First Thing’s First
The first thing on the list is getting a handle on how big you actually want your wedding to be. It’s all a numbers game. If you want a big wedding, and you have the budget, go ahead! Make it a 300 plus wedding. If you want to be more selective, it’s your prerogative!
Narrow down who is important to you and who you don’t want to be there. Talk about the different “tiers” in your family. Direct family, 1st cousins, 2nd cousins, and their children are all on different tiers. If you are having complications, jot down your family layout and your fiancé’s family layout. Label each tier. Then, make a cut off after a certain tier, and invite everyone before the cut off. It may sound cut throat, but it’s necessary for your sanity.
Honestly, guest lists are different for everyone. No person can sit you down and say, “Okay, this is who should be invited…and this is who isn’t.” Families in this world couldn’t be more different. Each situation is specific to the family. One bride may be close with her first and second cousins, while your fiancé has not spoken to his second cousins in a long time. Therefore, your fiancé will make his tier list shorter.
Children or No Children?
Specify if you want children, or just the ones (if any) in your wedding party. This is the exception to the tier rule. For some brides, children are not invited under 18, unless they have a relationship with the bride or groom. Some brides may think that is rude to request…but weddings are more of an adult activity. Most children are not going to remember the wedding, so leave them home. For children in the wedding party, leave the reception plan up to the parents.
Although children are cute and sweet, brides may not want someone to steal their thunder…and that’s okay. The wedding day is a day that is celebrating the bride and groom. Not a newborn baby and his or her newest development of being able to walk. It isn’t a selfish wish.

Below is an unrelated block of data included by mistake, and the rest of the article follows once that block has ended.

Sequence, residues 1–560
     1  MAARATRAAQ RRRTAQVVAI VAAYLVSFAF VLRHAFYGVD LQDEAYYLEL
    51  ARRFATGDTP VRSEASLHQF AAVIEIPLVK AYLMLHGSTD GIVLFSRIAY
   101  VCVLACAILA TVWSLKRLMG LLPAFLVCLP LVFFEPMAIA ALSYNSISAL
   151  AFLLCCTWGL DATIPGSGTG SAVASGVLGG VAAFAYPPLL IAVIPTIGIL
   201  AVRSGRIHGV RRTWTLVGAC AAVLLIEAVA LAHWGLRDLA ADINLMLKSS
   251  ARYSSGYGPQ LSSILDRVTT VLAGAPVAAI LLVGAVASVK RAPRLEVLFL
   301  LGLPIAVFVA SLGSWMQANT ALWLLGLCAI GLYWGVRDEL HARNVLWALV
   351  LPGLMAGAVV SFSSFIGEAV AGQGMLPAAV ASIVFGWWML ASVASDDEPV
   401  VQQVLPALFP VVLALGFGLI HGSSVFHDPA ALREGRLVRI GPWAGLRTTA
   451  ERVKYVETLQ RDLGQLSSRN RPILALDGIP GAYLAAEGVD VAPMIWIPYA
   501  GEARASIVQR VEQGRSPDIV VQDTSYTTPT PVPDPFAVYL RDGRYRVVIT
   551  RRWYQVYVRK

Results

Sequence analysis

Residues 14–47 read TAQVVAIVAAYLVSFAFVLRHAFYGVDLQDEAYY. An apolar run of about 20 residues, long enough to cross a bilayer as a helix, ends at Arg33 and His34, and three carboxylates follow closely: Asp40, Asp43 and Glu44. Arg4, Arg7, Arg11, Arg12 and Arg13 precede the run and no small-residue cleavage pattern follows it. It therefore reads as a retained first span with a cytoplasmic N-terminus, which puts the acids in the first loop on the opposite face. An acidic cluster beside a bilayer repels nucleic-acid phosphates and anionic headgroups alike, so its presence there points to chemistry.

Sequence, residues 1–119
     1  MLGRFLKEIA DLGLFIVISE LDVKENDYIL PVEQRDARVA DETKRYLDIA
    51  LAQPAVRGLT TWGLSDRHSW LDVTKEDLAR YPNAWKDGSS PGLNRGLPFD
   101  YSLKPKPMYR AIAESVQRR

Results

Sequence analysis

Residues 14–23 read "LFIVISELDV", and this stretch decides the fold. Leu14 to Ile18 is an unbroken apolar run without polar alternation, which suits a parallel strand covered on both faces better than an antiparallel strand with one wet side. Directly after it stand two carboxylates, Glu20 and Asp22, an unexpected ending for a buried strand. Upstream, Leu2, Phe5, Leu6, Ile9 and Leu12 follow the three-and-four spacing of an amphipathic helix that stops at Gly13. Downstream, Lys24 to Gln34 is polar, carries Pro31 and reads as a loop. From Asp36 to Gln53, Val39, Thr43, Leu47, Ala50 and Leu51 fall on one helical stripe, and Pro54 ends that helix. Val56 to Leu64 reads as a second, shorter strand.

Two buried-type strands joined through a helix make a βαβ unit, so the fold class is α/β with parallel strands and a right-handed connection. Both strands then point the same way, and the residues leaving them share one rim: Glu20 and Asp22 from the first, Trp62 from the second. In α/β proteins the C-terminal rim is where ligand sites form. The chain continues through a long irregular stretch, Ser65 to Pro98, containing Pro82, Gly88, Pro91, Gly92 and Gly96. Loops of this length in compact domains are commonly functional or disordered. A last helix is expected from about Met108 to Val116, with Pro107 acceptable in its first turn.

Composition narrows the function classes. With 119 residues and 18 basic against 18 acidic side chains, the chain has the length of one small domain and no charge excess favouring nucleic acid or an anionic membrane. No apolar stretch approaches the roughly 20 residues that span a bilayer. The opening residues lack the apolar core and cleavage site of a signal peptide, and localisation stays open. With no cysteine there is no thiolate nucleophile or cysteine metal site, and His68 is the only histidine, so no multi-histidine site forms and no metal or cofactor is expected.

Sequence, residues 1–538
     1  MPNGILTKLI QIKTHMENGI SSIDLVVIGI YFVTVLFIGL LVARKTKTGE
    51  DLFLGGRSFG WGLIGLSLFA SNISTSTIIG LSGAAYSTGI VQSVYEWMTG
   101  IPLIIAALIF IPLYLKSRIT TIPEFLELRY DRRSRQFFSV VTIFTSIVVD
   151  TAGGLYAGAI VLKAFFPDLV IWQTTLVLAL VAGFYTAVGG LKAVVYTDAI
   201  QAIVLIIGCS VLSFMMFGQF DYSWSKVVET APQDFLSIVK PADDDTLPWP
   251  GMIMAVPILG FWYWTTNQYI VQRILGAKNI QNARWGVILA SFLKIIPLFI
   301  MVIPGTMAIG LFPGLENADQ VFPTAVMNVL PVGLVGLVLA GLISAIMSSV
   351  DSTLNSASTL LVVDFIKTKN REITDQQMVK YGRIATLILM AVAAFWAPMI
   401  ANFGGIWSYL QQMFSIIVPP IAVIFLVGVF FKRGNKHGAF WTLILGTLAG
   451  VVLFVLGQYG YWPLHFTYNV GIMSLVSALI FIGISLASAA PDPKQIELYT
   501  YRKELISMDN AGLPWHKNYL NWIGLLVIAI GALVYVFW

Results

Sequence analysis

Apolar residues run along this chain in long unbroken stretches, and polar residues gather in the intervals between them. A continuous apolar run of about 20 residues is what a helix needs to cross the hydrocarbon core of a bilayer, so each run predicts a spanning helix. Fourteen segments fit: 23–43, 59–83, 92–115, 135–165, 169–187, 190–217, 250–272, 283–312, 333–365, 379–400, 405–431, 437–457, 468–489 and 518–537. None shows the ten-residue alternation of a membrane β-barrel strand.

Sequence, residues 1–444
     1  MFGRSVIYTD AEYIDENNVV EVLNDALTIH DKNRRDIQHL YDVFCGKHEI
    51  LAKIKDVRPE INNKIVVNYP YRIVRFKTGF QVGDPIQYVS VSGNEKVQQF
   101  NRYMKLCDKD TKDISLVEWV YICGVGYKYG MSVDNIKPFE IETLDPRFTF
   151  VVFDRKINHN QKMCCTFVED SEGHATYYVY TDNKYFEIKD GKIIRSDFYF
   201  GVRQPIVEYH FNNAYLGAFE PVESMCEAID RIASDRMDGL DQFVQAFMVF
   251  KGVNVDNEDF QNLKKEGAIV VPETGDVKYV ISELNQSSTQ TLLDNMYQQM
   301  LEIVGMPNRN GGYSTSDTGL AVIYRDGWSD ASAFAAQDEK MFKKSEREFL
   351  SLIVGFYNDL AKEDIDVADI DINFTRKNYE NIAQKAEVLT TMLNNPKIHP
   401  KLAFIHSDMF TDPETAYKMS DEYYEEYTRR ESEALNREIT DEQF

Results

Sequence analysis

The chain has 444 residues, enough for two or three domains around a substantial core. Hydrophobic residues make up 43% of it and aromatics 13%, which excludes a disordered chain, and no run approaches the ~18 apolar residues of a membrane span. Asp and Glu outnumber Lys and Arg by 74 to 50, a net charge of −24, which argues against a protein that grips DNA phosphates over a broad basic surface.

What Friends Make The List?
Make sure to invite friends that are spoken to on the regular and any friend who you want there. The rule is generally that an invitation can be sent if you have spoken to the person in the last year- six months. Make sure to take a long hard look of who has actually taken the time out to talk to you and be your friend. After the news breaks over social media, be prepared for a storm of “friends” congratulating you…hoping to get invited. Don’t fall for it, and make sure to keep your head on straight when sending out invites.
Coworkers can be chosen at the bride or groom’s discretion. A big rule: you must hang out with the coworker outside of work to invite them. People can be very different at work and out at a bar. Be sure you know how they are around alcohol, and around strangers. Make sure they will be able to mesh. If you don’t feel comfortable: don’t invite them.
Who Gets Dates?
The age old question: Is there a plus one invite? Our answer: not unless you are in a very serious relationship. Why? Do you think any bride or groom wants to see their friend throw themselves at a random date all night while celebrating a couple’s actual love? In many cases, single friends will be happy that you do not put them through the awkward process of having to ask a person to come with them.
**In other cases, guests will use their plus ones to invite a person that was initially left off of your guest list on purpose.
If you are asked why a plus one wasn’t given, explain that only people in relationships received a plus one. Tell your guest that there will be plenty of people in that age group without a date.